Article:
Chairman Barry Diller of QVC Networks Inc. was confident and expansive the other day as his company agreed to acquire rival Home Shopping Network. "I think we will end up with a competitive powerhouse in the broader retailing industry," he told reporters.
And investors agreed with him. In two days, they added $7 a share, or 11%, to QVC's already high stock price and bid up Home Shopping Network by a couple of dollars too. The belief is that home shopping will turn into a giant business, displacing department stores and emptying malls.
Yet even as video fever grows, traditional retailers such as May Department Stores, Dayton Hudson and Carter Hawley Hale are spending briskly to expand their retail space and refurbish existing stores. And investors are bidding up their stocks too--although not to the stratospheric levels of QVC Networks.
What's going on? The retailing business is entering a new era, in which home shopping in all its forms increasingly will compete with traditional stores and malls. The competitive edge in this new horse race will be less a matter of fashion than information.
The contest looks unequal today--crude costume jewelry sold on TV compared to splendors of the world sold in fashion malls. And to be sure, it would be unwise to count out traditional retailers, especially if they're smart enough to change with the times.
But over time, watch for the electronic emporium to become more of a challenge for the store, because retailing today, like so many other businesses, is being driven by efficiency and information. Consumers want more information because they want to spend less time shopping.
The trend is well established. Customers have been spending less time in stores, reports Stillerman & Jones, an Indianapolis retail consultancy--72 minutes on an average visit compared to 90 minutes a decade ago. They are making fewer trips to the mall and visiting fewer stores, but are spending more each time they do go shopping.
In a word, they are making their shopping more efficient. And they're demanding that stores help them to be efficient, says Jody Martin, a vice president at Stillerman & Jones. That means "convenient layouts for merchandise, lots of information for customers and quick checkout."
Old notions about shopping are being redefined. "People don't shop to entertain themselves," Forbes magazine said in a recent cover story. "They shop for information--about prices, colors, features."
Therefore, May, Dayton, Carter Hawley and also Kmart, J.C. Penney and other chains are right to spend on refurbishing their stores. They must be up-to-date because they have fewer chances at each customer and more competition all the time.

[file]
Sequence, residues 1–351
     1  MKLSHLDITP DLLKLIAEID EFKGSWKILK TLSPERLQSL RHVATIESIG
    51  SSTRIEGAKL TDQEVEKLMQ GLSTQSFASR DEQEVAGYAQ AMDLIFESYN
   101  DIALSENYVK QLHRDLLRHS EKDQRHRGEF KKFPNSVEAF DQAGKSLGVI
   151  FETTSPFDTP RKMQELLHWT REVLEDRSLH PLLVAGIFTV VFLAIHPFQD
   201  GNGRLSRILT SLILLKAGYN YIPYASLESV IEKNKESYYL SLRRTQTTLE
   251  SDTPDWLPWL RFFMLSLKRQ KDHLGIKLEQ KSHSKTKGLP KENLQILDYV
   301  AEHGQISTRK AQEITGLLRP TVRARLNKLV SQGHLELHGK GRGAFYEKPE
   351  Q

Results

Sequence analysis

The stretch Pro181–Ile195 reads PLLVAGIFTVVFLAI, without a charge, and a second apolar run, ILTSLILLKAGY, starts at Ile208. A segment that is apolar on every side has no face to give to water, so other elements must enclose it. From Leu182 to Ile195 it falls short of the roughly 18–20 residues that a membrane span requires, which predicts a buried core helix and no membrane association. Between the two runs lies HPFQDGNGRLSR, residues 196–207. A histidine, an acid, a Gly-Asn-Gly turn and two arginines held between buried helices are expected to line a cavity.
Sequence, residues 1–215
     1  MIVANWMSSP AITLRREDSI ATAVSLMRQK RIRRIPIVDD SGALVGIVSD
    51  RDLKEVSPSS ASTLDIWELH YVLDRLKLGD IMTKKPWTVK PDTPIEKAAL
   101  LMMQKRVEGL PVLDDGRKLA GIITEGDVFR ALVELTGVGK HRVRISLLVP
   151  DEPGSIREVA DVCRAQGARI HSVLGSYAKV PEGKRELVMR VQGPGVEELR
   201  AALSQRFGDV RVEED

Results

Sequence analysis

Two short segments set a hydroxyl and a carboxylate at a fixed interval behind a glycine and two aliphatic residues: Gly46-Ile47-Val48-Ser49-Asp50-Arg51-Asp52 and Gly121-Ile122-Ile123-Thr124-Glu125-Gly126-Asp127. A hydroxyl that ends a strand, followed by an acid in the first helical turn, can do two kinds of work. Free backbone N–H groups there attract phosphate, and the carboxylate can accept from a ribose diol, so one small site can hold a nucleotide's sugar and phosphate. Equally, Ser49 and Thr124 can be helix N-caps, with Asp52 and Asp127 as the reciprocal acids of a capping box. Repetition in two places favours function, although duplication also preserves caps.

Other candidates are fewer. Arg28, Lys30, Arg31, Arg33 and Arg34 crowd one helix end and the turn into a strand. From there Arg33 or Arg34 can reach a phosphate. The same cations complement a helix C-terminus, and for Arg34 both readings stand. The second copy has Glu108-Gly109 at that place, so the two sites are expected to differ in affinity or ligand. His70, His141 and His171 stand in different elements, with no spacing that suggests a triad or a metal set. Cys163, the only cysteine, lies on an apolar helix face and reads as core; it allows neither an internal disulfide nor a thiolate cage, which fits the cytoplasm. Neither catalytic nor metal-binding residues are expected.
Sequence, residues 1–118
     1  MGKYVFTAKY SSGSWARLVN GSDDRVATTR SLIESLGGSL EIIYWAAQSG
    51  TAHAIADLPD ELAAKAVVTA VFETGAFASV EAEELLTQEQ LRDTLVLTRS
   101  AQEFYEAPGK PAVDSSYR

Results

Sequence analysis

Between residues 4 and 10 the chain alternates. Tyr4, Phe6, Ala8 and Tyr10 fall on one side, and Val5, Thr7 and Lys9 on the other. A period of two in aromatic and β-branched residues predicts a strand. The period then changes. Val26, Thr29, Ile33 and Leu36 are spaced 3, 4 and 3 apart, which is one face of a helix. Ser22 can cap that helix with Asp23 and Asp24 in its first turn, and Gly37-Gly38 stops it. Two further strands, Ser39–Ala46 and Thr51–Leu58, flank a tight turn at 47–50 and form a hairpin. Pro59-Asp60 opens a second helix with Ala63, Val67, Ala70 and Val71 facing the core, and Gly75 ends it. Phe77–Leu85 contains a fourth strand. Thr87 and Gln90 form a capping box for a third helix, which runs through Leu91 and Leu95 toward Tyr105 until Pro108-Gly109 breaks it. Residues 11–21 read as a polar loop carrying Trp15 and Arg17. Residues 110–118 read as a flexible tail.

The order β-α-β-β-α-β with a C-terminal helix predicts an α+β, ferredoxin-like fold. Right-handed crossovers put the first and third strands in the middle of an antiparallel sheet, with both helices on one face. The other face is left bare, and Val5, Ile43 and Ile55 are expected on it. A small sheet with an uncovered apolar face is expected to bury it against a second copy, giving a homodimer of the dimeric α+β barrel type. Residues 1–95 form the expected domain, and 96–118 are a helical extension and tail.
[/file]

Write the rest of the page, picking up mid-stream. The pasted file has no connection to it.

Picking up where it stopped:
For there's no doubt television shopping is attracting customers. Diller's QVC and Home Shopping Network, in existence less than a decade, had combined sales of more than $2 billion last year. Diller's operation is growing almost 20% a year.
The former film executive's boast that QVC will become a competitive powerhouse in the broader retailing industry--a business of almost $800 billion in shopping center sales--may look ambitious.
"It will be a supplement for going to the store, not a substitute," says analyst Monroe Greenstein of the Lazard Freres investment firm, reflecting a view of QVC as a video catalogue supplier of home furnishings, jewelry and decorative items.
But Diller is moving into apparel, the heart of the department stores' business, in a particularly shrewd way. The fashions sold on QVC typically appeal to older, larger-sized customers who may not look upon a trip to the mall as a pleasurable experience. This way they can shop anonymously.
One catch is that apparel is a risky business for home shopping. All customers, women and men alike, want to try on clothing to see how it fits, how it looks.
Customers trying and returning garments have proved costly for catalogue companies, including Sears, which closed its catalogue operation last year. The problem was one of information--the catalogue's picture and text didn't tell customers as much about the garment as trying it on would have.
But Diller knows that television improves information by giving a better picture and that, over time, technology will improve that picture by making it three-dimensional and interactive.
Meanwhile, QVC asks its customers not only for their sizes but for any peculiarities of fit--a sloping shoulder, a bulge here or there. All that information goes into the QVC database--an invaluable asset in today's retailing business.
That's why QVC's stock price--at roughly 40 times last year's earnings--is so high. Investors are impressed not so much by fashion as by Diller's understanding of the competitive role of information.
No Time for Bargain Hunting?
As shoopers have spent marginally less time in the mall in recent years, their expenditures per shopping trip has gone up steadily--even in the 1991-92 recession.
Source: Stillerman, Jones & Co.